Monday, November 2, 2009

Cutting services to delinquent owners

In this economic climate clients are frequently asking if certain services can be shut off. Most frequently, we are asked if the cable television paid for on a bulk basis can be shut off in a condo community. The answer is "no" because that is not a remedy granted by law. Condominiums only exist because there is a law that provides for their existence and the rights and remedies of owners and associations are set forth therein. The law simply does not allow it. Recently an HOA amended its documents to provide for authority to install individual water meters and cut off water to those people who did not pay. A trial judge refused to allow the association to do so, apparently for equitable reasons. Perhaps the judge's thoughts were the same as the Supreme Court of New Hampshire which recently ruled that an owner cannot shut off the cable of a non-paying tenent as it amounted to what is known as "constructive eviction."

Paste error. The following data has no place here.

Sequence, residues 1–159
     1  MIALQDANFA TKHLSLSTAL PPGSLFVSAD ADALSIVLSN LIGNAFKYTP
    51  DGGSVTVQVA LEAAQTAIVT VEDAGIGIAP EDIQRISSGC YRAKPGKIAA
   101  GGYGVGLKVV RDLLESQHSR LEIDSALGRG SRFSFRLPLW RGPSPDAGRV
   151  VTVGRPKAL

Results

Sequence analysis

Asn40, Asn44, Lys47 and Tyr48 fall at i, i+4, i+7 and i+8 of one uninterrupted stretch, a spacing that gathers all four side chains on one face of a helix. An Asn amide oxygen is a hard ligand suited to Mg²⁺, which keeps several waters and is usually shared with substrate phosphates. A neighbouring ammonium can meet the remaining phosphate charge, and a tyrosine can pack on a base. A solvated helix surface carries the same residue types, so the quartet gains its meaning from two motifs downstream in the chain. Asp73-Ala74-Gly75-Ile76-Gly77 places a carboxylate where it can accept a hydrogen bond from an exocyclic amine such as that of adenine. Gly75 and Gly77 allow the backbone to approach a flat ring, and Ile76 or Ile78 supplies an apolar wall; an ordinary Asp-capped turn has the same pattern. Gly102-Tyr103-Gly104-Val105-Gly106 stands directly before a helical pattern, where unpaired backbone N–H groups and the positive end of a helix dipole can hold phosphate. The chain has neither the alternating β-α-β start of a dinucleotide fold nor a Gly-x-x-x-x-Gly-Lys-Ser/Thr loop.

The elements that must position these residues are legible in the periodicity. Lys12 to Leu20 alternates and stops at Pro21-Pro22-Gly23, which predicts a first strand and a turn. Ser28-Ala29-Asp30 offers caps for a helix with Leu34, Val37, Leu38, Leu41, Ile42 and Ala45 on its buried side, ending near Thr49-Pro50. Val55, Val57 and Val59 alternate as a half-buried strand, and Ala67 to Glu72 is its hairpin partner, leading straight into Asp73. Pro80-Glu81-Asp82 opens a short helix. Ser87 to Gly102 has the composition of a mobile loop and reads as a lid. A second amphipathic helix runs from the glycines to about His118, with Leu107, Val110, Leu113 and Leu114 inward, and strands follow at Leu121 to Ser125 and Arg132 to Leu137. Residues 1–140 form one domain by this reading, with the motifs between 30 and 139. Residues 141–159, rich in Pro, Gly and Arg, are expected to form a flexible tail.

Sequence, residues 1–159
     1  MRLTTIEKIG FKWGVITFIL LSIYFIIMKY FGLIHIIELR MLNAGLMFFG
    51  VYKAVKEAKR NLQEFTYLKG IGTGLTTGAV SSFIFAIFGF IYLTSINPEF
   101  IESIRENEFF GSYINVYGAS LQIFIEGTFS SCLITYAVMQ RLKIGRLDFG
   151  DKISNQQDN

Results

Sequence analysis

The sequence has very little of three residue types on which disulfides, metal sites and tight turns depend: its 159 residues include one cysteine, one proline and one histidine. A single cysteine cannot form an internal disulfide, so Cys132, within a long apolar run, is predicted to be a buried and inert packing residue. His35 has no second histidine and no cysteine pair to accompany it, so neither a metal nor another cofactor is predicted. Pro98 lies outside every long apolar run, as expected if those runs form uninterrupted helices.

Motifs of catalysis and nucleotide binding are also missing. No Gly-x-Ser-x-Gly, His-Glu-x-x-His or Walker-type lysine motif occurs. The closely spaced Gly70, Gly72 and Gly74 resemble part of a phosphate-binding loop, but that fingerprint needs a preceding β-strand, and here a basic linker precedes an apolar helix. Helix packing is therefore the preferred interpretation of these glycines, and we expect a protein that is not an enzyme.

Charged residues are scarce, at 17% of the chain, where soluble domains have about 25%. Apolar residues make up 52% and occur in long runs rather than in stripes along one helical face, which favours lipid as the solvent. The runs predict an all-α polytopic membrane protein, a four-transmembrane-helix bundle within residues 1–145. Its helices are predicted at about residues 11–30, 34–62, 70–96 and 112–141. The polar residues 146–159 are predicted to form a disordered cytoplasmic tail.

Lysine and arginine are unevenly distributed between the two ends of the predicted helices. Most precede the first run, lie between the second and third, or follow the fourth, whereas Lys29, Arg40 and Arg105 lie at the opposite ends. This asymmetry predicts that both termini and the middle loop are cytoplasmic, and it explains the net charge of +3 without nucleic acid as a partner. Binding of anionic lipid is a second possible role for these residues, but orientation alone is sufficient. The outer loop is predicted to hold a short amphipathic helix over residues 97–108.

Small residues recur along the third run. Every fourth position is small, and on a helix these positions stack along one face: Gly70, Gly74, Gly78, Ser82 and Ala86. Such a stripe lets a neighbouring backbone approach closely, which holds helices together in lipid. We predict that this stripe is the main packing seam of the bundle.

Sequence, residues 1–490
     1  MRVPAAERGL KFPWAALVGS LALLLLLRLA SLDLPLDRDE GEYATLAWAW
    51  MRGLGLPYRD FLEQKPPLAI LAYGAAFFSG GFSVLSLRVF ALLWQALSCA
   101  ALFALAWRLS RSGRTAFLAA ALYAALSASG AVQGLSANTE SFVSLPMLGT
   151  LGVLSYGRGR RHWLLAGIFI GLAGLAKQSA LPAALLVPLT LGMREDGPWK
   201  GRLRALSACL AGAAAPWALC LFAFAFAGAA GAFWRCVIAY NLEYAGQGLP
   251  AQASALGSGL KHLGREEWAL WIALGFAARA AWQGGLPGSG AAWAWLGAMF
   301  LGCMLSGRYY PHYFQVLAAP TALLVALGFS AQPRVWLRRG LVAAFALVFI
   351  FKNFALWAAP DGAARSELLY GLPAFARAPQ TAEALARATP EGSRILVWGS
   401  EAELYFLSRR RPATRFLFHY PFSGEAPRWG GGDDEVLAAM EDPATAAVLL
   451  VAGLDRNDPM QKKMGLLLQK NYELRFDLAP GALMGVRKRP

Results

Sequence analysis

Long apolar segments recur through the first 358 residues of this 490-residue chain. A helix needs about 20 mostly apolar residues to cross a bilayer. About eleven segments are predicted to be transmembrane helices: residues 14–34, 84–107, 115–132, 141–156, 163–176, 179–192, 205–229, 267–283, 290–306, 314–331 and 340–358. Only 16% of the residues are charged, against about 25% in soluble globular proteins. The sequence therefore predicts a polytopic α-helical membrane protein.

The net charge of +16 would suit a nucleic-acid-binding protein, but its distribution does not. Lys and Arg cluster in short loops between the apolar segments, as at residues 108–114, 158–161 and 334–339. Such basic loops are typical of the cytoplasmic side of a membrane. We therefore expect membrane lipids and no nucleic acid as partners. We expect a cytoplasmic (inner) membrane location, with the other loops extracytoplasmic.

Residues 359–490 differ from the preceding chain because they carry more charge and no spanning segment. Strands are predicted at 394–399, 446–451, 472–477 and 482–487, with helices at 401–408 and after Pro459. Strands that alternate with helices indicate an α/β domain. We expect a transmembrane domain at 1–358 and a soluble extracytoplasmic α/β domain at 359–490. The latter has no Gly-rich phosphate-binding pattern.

read on---

The New Hampshire Supreme Court has ruled that cable television is a protected utility service under state law that can't be shut off during landlord-tenant disputes.

The court on Friday reversed a trial court judge's decision to dismiss a claim by Christopher Lally, who was being evicted by his landlord last year and lost the cable connection. The landlord, Lauren Flieder, argued that the cable provider told her Lally's apartment was receiving the service through an illegal connection, so she disconnected the wire.

The state Supreme Court found the law regards cable TV as a protected service and that Flieder's action basically amounted to a self-help eviction, which is illegal in most states, including New Hampshire. It sent the case back to the trial court for further review.

No comments: